Two defeats leave India trailing Pakistan, Afghanistan, New Zealand and Namibia in Group 2 of the Super 12 at the ICC T20 World Cup.

The schedule of the 2020 T20 World Cup has meant the Indian cricket team is almost on the brink of elimination after having played only two matches with three more to go in. While Group 1 was labeled as the ‘Group of Death’, the other group in which India was featuring seemed to be a slightly easier one.

India’s road to the semi-finals was never a question because of the teams in their group and also the record against arch-rivals Pakistan in ICC events. In a matter of a week, India have lost both their matches against possibly the two strong contenders to progress further in the tournament.


It was the manner of defeat against New Zealand that would have hurt the former players and fans alike. The men in blue just didn’t turn up for this crucial contest. So where did India go wrong against Kane Williamson’s New Zealand?

Got the team combination wrong

One of the reasons why India struggled in the first match against Pakistan was the lack of another bowling option. Virat Kohli decided to go into this game once again with the same combination.


Virat Kohli T20 captaincy
Virat Kohli looks on as India keep subsiding versus New Zealand. (Credit: ICC)

If a team has at least four quality bowlers who are wicket-takers, it can manage somehow with only five bowling options. But apart from Jasprit Bumrah and maybe Varun Chakravarthy to an extent, there wasn’t any other bowler who was a genuine wicket-takers. Yes, Shardul Thakur gets wickets for CSK, but he always has the cushion of extra runs when he is bowling in yellow.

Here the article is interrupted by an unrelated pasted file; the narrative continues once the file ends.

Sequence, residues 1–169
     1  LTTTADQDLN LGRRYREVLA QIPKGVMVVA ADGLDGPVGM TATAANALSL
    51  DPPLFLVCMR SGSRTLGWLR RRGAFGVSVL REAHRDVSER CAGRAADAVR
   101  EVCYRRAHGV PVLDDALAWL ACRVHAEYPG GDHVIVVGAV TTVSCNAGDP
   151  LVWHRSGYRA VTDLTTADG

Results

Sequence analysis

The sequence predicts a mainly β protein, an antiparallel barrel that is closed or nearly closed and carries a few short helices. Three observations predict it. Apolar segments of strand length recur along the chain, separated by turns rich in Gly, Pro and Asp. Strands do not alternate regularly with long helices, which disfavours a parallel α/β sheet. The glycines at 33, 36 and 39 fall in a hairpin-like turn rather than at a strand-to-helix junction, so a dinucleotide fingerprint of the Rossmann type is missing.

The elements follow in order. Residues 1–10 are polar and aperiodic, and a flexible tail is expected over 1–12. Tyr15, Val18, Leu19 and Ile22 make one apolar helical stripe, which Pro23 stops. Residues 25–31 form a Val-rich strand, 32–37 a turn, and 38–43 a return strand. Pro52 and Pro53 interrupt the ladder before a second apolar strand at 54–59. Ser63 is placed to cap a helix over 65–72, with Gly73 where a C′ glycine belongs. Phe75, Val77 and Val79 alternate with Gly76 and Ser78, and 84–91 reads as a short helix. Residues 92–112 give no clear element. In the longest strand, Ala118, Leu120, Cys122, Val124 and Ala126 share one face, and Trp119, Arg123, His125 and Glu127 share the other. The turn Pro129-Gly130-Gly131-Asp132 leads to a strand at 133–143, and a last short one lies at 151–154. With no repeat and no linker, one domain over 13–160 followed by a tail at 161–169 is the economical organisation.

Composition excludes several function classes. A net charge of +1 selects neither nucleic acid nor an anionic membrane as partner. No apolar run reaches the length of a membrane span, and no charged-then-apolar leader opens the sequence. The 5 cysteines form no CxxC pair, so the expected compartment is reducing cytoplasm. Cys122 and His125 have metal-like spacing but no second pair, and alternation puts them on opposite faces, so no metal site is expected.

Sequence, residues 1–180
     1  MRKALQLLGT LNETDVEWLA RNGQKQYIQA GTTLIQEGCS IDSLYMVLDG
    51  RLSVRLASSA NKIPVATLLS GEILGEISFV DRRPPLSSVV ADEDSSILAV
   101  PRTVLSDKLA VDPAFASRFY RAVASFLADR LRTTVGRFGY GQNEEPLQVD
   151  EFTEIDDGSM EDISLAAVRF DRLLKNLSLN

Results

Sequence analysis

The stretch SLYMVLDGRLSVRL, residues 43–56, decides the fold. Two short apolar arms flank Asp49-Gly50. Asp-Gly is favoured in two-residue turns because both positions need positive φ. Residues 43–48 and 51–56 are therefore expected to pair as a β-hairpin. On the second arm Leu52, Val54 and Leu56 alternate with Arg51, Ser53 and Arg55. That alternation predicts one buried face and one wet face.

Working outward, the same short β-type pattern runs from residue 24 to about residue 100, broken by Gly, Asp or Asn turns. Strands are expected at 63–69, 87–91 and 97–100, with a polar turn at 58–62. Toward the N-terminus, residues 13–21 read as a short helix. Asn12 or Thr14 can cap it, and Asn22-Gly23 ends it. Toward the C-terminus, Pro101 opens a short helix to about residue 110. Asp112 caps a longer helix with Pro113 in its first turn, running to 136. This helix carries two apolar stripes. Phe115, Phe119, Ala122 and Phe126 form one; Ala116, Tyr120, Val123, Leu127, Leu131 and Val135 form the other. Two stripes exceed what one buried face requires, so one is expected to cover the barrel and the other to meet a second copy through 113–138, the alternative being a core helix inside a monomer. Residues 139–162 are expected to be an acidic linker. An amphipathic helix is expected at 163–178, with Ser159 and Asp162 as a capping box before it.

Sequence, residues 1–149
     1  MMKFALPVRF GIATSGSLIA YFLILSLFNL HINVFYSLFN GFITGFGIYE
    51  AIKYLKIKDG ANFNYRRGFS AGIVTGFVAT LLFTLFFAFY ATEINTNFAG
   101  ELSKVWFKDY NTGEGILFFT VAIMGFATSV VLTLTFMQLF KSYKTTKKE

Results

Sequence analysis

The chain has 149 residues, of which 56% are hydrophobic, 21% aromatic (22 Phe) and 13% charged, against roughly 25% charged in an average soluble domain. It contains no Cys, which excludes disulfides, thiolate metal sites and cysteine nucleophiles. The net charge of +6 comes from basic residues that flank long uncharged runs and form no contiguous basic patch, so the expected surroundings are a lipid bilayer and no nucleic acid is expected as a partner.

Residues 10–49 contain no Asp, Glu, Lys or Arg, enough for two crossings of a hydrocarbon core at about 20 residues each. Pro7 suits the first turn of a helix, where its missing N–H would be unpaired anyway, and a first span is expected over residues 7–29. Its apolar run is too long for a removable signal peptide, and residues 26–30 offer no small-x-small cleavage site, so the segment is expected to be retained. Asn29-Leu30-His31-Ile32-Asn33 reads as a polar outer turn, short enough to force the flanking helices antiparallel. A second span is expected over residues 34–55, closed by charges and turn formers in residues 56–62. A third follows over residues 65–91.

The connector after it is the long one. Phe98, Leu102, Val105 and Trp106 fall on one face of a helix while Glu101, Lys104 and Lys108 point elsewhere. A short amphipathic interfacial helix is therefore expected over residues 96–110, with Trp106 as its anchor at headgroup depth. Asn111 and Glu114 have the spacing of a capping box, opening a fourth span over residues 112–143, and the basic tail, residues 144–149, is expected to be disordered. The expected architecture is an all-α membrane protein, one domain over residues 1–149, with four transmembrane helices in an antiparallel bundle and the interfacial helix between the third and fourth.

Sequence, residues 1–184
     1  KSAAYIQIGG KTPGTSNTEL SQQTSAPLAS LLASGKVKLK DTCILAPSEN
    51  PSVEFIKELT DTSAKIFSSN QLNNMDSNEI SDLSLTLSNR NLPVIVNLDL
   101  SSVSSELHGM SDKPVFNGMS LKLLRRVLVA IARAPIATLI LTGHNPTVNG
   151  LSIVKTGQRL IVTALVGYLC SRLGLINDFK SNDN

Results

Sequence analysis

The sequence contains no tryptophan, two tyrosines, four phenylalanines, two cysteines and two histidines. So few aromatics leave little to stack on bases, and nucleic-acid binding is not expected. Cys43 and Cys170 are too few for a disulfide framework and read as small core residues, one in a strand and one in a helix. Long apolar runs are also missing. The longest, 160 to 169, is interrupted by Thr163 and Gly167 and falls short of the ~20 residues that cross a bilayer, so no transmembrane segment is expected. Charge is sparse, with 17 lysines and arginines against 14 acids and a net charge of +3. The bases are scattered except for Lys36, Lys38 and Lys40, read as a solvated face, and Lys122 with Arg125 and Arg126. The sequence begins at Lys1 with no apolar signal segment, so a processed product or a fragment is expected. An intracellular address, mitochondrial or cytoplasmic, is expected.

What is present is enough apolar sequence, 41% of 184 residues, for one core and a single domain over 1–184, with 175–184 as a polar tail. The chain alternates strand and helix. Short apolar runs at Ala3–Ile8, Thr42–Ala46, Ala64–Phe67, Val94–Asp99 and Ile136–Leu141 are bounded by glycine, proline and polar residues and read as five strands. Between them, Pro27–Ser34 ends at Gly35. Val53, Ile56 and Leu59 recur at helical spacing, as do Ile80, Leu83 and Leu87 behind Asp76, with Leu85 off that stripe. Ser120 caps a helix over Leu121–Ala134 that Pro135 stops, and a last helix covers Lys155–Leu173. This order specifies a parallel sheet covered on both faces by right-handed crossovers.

Rohit Sharma did not open

If I was Williamson, I would have been overjoyed to see the two Indian batsmen coming out to open the batting. It was KL Rahul and Ishan Kishan. One of the best openers in white-ball cricket for a number of years, Rohit Sharma was not to be seen. That was such a tactical blunder in a big game. It was a move as bad as dropping him from the team.

The move also meant Kohli had to bat at number four, which is not an ideal position for someone like him. Just a few months before the World Cup, the captain had said he would open the batting but here he is batting at four in the middle overs of a crucial game.

Jadeja’s role in the team

On current form, one of the best T20 batsmen in this team has to be the left-handed Ravindra Jadeja. Not only he has the ability to score big hits, but also runs incredibly fast between wickets.

But India are using him as a bowling allrounder. His roles need to be reversed as he has now become a proper batsman who has the ability to bowl a few overs and not vice versa as he used to be.

Jadeja can surely be in the top six and India can afford to play another bowler in order to strengthen their bowling attack. This also gives more time in the middle with the bat for the left-hander.

No effort to keep the ball down

India’s batting effort was shocking to see. All the wickets except Rishabh Pant were caught out on the boundary. It was strange to see their intent of scoring only maximums but were not keen to find the gaps all along the carpet.

The intent is a keyword in T20 batting but it’s not only about six-hitting. India’s strength has always been timing the ball through the gaps. But they went with the option of bludgeoning the ball that led to their downfall.

It was surprising to see Kohli too taking that route as early as 11th over. In an ideal world, he would have rotated the strike for a bit longer in order to forge a partnership and then press the accelerator at the end.

Defensive with the field placements

Yes, India had a very low total to defend. But the only way of making a match out of that was by picking up early wickets.

But Kohli’s field placements suggested they had given up even before the first ball was bowled. There were not enough slips for Bumrah or Varun when they opened the bowling. Virat could have even gone for a bat-pad under the helmet in order to make the batsman feel that they are coming to pick their wickets. Instead, the fielders were at the edge of the 30-yard circle thinking about their batting performance, maybe.

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